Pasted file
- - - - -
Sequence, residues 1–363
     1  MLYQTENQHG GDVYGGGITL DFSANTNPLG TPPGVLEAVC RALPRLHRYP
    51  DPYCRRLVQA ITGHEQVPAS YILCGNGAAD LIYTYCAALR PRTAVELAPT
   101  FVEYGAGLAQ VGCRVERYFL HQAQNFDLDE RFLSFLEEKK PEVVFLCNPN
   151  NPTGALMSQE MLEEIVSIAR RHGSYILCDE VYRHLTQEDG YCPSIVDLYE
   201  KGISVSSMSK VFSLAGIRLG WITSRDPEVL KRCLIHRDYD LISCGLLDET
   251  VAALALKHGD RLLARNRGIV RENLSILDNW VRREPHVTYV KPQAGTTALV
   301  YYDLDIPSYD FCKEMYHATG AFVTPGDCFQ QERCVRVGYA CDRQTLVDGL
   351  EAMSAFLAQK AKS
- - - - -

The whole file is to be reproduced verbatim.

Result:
Sequence, residues 1–363
     1  MLYQTENQHG GDVYGGGITL DFSANTNPLG TPPGVLEAVC RALPRLHRYP
    51  DPYCRRLVQA ITGHEQVPAS YILCGNGAAD LIYTYCAALR PRTAVELAPT
   101  FVEYGAGLAQ VGCRVERYFL HQAQNFDLDE RFLSFLEEKK PEVVFLCNPN
   151  NPTGALMSQE MLEEIVSIAR RHGSYILCDE VYRHLTQEDG YCPSIVDLYE
   201  KGISVSSMSK VFSLAGIRLG WITSRDPEVL KRCLIHRDYD LISCGLLDET
   251  VAALALKHGD RLLARNRGIV RENLSILDNW VRREPHVTYV KPQAGTTALV
   301  YYDLDIPSYD FCKEMYHATG AFVTPGDCFQ QERCVRVGYA CDRQTLVDGL
   351  EAMSAFLAQK AKS